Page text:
This was another playtest of the up and coming Historicon Project. Kalissa and I decided to try to play it out on the full table. The beauty of having a wife that games with you is that we can rearrange the house to fit things. In this case, I had bought some more folding tables to test this game and use it for another future convention project idea. I should have never been left in a Home Depot by myself without a purpose.
Anyway, it turns out we can fit larger games in our house to the point of up to 22 feet. I don't think I will ever have a game THAT large, but it is good to know our household wargaming capabilities. With this game that we played, it was just Kalissa and I playing. We had a lot of fun despite a crushing defeat to the Union that she was running. We both played out this scenario rather aggressively. The Battle of Olustee was a major victory in Florida for the Confederacy. We just did not think it would play out so dramatic. The Union losses compared to the Confederates losses was quite telling. The Union lost a total of 378 to the Confederates 174. Due to my aggressive assaults, I never lost a regiment in the game. The closest was the 28th Georgia Infantry, which passed morale by one number above needed at worn with no ammunition. To prevent a point by losing them, I withdrew them away from the fighting. Kalissa lost all of the starting units and all artillery on the field with the Union fresh reinforcements lining up in defensive positions in the woods. I was firing artillery blindly into the woods with great effect. Apparently, my Rebel artillerymen are great shooting down pine trees, since I can only assume that that explained the amazing hits I was having. Federals were just being decorated with Pine Sol!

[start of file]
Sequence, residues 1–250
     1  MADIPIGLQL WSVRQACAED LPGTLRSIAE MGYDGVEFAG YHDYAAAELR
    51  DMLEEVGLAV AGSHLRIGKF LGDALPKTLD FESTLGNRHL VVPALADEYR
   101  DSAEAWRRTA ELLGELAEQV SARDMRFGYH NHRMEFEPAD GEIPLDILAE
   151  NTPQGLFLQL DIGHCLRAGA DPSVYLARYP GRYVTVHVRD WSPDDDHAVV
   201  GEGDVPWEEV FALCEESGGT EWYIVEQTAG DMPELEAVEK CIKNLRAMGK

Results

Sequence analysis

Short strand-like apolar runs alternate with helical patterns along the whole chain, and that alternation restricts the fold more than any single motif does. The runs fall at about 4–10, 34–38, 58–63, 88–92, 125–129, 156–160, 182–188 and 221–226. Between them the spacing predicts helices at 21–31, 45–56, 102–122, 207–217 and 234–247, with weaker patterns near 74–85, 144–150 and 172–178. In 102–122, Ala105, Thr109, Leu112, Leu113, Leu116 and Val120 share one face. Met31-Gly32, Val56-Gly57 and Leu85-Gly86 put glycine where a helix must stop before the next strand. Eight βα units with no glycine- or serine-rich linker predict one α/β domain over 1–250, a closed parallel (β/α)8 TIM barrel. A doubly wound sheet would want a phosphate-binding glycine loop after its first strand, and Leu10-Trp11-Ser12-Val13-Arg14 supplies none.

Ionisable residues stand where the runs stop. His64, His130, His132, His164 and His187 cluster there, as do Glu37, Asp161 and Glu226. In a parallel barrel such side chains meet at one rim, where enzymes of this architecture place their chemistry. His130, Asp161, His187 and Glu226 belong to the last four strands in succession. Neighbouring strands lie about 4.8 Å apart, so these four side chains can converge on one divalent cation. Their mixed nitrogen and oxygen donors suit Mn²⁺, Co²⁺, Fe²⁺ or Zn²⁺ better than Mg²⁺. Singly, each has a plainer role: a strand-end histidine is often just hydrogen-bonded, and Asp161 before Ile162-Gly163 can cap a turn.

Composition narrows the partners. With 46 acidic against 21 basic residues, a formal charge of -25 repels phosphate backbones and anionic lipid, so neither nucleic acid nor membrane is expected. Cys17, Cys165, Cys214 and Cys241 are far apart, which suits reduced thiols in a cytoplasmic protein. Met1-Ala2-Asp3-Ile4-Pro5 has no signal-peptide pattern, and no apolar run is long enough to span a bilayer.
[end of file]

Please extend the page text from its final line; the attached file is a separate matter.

For a scenario test, this turned out pretty well. Adding the remaining board showed the field problems of the battle when troops can only move so fast. Plus, we did not have as much of the traffic jams of men. The big concern was the amount of units killed so early. Though, we have separated the units up to ensure all six players will have something on the field to play with. There is the chance that a player may temporarily be out of action if all of their stuff dies. However, with this playtest, we realize that Kalissa and I know these rules better than the people playing. Everyone is going to have their own play style. And if they are anything like our friend, William and myself, they might not read all of their troops capabilities. This game was played in a five hour timeframe. The listed time for my games of the Historicon PEL is six hours. We made it through eight full turns as the two of us. Movement, lunch, and some other minor interruptions delayed us. Plus, I had to leave for work. This means that there is a potential to get 12 turns in this game, if it is played hard and fast. This will be especially true if there are six players versus just two. This also means that it would end with the same number of turns as the original scenario that I took out of Fire and Fury. The difference will just be some unit names and turn one through five with have reserves arrive, instead of the more spaced out versions Fire and Fury has it. Either way, below are shots of this game! Enjoy!